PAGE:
Growing up in Colombia, Patricia knew that she wanted to be the CEO of a company, and after graduating high school at 16, left home to move to Bogota to take her degree in Economics. Finding it hard to live in a big city, after 18 months she moved home back to Barranquilla to finish her studies.
During that time, she had an internship with the Chamber of Commerce where she would work with contractors who were providing support to small business owners and start-ups. The seed was planted.
Clearly not someone scared to move, she next went to England to obtain her Masters degree in economic development and after a year back in Colombia, ended up coming back to the UK to work for Cummins Inc, in charge of project management and marketing.
After meeting her Canadian husband, she moved to Canada where she continued to work for Cummins. “I travelled for two years non-stop, reporting to the UK, but responsible for marketing for North America.”
Tired of the travelling and the contract world with corporations, Patricia knew it was time for a change and she went back to school – George Brown College – to study interior decorating. This led her to working with Kimberly Seldon and running her own design company. She focused on renovations and construction projects.
However when her son was born, he had health issues which meant her priorities changed. It was a marketing contract from Weavers Art that kick-started her business again. “It was a great way to get resurrect my business as it was a combination of design and marketing. “
Realizing that digital marketing was the new future, she also took a diploma course in digital marketing at the University of Toronto and more recently went back to Rotman to take her MBA.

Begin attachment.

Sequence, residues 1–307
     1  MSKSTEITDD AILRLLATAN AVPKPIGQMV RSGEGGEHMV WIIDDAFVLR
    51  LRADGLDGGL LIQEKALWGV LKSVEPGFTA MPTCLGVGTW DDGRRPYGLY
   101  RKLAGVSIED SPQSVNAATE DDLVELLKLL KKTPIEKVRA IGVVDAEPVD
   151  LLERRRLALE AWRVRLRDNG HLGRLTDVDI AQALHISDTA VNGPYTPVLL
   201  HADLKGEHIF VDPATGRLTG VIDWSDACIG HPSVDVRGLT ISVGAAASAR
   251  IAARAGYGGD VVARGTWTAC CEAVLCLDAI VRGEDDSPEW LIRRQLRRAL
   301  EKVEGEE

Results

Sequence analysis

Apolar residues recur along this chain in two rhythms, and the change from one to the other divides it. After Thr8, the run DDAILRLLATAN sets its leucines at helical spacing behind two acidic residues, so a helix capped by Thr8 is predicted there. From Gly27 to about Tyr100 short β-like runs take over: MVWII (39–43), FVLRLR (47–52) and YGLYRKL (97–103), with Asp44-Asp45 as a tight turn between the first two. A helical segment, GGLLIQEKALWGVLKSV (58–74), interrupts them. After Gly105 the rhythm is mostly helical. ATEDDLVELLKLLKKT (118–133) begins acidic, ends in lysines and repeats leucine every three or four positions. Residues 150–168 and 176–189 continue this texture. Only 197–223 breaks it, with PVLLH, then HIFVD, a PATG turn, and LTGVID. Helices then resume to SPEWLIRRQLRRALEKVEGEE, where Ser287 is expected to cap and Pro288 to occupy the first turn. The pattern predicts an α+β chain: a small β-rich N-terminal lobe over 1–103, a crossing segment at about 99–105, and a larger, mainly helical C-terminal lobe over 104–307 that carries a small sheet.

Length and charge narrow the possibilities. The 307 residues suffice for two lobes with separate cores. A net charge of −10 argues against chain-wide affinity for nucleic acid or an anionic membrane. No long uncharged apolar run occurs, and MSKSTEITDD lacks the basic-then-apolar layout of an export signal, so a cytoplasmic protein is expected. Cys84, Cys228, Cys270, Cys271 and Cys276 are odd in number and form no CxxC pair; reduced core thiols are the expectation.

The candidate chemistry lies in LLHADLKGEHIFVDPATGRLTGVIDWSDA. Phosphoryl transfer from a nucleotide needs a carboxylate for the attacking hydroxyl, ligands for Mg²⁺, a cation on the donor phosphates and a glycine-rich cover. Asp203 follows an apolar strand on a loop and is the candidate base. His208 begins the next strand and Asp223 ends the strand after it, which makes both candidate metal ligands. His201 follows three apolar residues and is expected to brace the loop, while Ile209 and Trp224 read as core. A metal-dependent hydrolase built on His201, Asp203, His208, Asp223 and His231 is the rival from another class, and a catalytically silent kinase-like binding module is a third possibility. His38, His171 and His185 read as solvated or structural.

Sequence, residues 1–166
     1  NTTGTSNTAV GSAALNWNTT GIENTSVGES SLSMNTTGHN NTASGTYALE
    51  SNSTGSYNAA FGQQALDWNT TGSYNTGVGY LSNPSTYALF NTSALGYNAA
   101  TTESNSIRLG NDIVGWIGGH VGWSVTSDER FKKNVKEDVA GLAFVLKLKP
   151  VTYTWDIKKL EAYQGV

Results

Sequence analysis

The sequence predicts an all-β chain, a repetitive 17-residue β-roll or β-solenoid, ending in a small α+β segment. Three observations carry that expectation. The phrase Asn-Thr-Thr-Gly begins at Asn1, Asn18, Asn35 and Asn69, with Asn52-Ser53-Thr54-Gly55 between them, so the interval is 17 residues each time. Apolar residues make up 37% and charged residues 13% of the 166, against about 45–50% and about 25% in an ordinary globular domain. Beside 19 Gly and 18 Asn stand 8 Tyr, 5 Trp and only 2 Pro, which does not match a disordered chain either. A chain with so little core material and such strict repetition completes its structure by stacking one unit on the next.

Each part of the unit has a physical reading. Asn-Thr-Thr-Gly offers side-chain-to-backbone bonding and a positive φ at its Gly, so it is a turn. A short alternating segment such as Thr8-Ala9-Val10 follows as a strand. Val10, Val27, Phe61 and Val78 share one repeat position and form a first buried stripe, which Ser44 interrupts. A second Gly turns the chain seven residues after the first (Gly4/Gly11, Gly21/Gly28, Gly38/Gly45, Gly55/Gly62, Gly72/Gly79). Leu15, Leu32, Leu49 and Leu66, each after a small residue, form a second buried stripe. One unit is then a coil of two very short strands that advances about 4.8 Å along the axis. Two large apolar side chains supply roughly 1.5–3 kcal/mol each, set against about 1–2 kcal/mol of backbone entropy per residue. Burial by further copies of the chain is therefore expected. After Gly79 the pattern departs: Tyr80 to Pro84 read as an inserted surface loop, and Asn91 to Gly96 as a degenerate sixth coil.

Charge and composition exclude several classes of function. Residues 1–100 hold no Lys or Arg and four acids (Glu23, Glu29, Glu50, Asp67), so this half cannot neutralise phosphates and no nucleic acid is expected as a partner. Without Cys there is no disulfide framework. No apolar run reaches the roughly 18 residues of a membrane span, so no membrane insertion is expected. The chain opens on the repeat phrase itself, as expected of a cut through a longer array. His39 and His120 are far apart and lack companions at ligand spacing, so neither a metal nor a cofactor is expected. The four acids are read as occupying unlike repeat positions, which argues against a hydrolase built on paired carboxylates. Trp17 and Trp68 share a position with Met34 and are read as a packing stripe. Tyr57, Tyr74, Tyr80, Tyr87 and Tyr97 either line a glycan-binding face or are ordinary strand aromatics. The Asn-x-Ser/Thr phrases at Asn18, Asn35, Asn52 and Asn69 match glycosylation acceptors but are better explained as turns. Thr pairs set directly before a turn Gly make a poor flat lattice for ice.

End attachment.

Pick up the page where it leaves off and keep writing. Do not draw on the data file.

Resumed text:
With great enthusiasm, Patricia described her recent experience as the Entrepreneur in Residence at the Toronto Public Library. It was a tender process and she had to submit a proposal before she was awarded the position.
Through this contract she had to deliver six seminars, organize a panel discussion and work one-on-one with would-be and established entrepreneurs. And she loved it.
When asked what she’d learned from the experience, she shared that it made her do more public speaking, which she enjoyed more than she thought she would. “It was a lot of work preparing for the seminars, which each drew a crowd of 80+ people.”
She also realized that as a perfectionist, she was demanding more of herself than was expected. But it was the one-on-one consultations that she enjoyed the most. “I felt I was really helping the people with their business ideas and helping them move forward.”
It was also that sense of giving back that was rewarding. “I am so fortunate and have expertise to share. “ shares Patricia. “We are so lucky.” she adds.
And she doesn’t want that consultation experience to end, and will welcome opportunities to continue sharing all she knows with others.